Reining in Wall Street

STANDING UP FOR CONSUMERS IN THE FINANCIAL MARKETPLACE—For more than 20 years, Consumer Program Director Ed Mierzwinski has helped us stand up against big banks and credit card companies.

A Consumer Cop On the Financial Beat

You work hard for your money. You should be able to save, invest and generally manage your money without fear of being trapped, tricked or ripped off by the institutions you are trusting with your financial future. And from the 2008 economic collapse, we know how big of an impact those institutions can have on our economy when they play fast and loose with our money. 

Since 2009, the solution has been clear. We need to have fair, clear, transparent and enforceable rules that protect consumers in the financial marketplace. Now, we know we can get there through the work of an agency that has those principles at the core of its mission — the Consumer Financial Protection Bureau.   

The CFPB Gets the Job Done

Despite the fact that the CFPB is not widely known, we’ve already seen their financial oversight return nearly $12 billion to consumers … in just five years. The CFPB holds big banks, debt collectors, and lenders accountable. Here are a few examples of some of the cases the CFPB has taken on:


When American Honda Finance used discriminatory pricing to rip off African-American, Hispanic, and Asia/ Pacific Island borrowers who paid too much for car loans, the CFPB returned $24 million to these consumers.


The Department of Justice and 47 states joined the CFPB in a $216 million action against JP Morgan Chase Bank for illegal debt collection practices affecting over half a million Americans.


When it was discovered that Wells Fargo employees were opening unauthorized debit and credit accounts using their customer's information, the CFPB fined Wells Fargo $100 million for fraud.


The CFPB fined Equifax andTransUnion — two of the three largest credit reporting agencies — $5 million for selling inflated credit scores to consumers that were different from ones actually used by lenders and returned $17 million to those harmed by the deception.

But the CFPB doesn't just help consumers get their money back, it levels the financial playing field. The CFPB has several specialized departments for veterans, senior citizens, new homeowners, college students, and low-income consumers that seek to educate the public on how to stay safe and provide them with the tools they need to keep their finances secure.

Tell Your Senators: Stand Up For Consumers

Almost every day we hear about some new way of tricking, trapping and ripping off consumers. And despite the fact that tricks like these led directly to the 2008 financial collapse, some Wall Street banks are spending upwards of a million dollars every day to roll back the rules and the CFPB — the very agency that was created to keep them in check. Now, many legislators in Washington want to defund or destroy the CFPB.

Effective consumer protections aren't some sort of luxury we can't afford — they're hallmarks of a great country. As founders and leaders of the movement to create and protect the CFPB, we're working to make sure that our success not only sticks, but that we can build upon it.

Issue updates

News Release | U.S. PIRG Education Fund and Center for Digital Democracy | Financial Reform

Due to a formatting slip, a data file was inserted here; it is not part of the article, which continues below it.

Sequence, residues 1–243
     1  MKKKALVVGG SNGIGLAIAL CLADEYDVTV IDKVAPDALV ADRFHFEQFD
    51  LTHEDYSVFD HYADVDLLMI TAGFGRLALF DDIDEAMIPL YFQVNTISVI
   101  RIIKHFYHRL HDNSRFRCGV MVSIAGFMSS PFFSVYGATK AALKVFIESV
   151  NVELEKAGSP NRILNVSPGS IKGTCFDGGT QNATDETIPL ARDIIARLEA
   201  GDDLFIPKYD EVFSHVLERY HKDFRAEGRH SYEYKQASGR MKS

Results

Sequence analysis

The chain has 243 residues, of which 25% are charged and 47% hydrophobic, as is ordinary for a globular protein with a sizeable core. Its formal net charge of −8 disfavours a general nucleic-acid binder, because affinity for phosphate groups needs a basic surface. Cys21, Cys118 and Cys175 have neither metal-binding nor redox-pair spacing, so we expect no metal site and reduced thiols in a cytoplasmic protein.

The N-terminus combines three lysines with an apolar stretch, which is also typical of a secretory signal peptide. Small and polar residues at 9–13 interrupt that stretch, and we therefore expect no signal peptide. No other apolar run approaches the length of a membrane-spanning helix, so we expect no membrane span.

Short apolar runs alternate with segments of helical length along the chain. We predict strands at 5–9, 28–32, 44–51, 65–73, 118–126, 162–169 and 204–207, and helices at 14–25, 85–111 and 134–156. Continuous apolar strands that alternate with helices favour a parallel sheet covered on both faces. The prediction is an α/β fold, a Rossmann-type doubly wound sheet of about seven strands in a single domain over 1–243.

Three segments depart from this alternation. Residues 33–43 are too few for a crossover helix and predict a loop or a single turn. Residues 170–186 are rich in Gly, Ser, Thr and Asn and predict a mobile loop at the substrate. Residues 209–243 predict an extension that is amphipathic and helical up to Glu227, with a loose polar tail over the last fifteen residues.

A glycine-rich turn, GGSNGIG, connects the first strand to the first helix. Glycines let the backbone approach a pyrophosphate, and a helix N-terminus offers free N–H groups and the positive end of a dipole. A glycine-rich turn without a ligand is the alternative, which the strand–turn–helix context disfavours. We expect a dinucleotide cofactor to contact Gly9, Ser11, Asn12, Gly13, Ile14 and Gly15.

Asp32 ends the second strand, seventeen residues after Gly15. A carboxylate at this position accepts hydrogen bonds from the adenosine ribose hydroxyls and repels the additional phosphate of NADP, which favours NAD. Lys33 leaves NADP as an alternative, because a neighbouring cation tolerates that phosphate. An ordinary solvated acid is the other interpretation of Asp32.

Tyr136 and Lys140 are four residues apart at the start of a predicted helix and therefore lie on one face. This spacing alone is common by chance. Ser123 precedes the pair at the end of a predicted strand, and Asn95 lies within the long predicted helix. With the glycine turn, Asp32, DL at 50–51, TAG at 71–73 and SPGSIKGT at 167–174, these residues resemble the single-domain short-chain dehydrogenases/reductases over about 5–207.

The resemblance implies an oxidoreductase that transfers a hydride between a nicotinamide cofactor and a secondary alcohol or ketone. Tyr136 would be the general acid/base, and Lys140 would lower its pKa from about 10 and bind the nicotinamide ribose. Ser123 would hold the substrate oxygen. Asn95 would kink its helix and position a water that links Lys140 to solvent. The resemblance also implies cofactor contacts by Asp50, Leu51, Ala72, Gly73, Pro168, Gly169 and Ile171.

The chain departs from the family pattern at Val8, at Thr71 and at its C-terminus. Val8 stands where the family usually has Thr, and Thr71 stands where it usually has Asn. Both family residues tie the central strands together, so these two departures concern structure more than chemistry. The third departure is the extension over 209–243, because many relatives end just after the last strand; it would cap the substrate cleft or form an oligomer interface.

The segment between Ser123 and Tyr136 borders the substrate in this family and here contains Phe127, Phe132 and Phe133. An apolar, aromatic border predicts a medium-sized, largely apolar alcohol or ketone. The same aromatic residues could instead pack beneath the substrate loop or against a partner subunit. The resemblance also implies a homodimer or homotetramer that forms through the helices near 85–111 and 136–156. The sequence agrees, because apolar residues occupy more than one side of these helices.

New Report Examines Promise and Potential Dangers of New Financial Marketplace

U.S. PIRG Education Fund and the Center for Digital Democracy (CDD) released a comprehensive new report today focused on the realities of the new financial marketplace and the threats and opportunities its use poses to financial inclusion. The report examines the impact of digital technology, especially the unprecedented analytical and real-time actionable powers of “Big Data,” on consumer welfare. The groups immediately filed the report with the White House Big Data review headed by John Podesta, who serves as senior counselor to the President.

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Report | U.S. PIRG Education Fund and Center for Digital Democracy | Financial Reform

Big Data Means Big Opportunities and Big Challenges

This report examines the growing use of "Big Data" in financial decision-making, especially in a digital marketplace characterized more and more by the use of mobile phones. It explains the opportunities to use Big Data to promote financial opportunity and the threat of financial exclusion, discrimination or higher prices for some consumers if Big Data is not used properly. The report makes recommendations to advocates, industry and regulators.

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Blog Post | Financial Reform

We Join FTC Event on Big Data E-Scores | Ed Mierzwinski

Companies on the Internet are tracking you with vastly powerful Big Data algorithms to determine what to sell you and for how much and what financial opportunities to offer you. Today at 10am, I join an FTC workshop on Alternative Scoring Products to debate the transparency and fairness of the system with privacy and technology experts from industry, academia and the public interest. You can attend or watch online.

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Media Hit | Financial Reform

National data-theft law still a hard sell

The data breach at Target Corp., which exposed millions of credit card numbers, has focused attention on the patchwork of state consumer notification laws and renewed a push for a single national standard. [...] ‘‘From industry’s perspective, whether you’re a bank or a merchant, you don’t want to have to notify consumers,’’ said Ed Mierzwinski, at the US Public Interest Research Group. ‘‘They want to preempt, or override, the best state laws.’’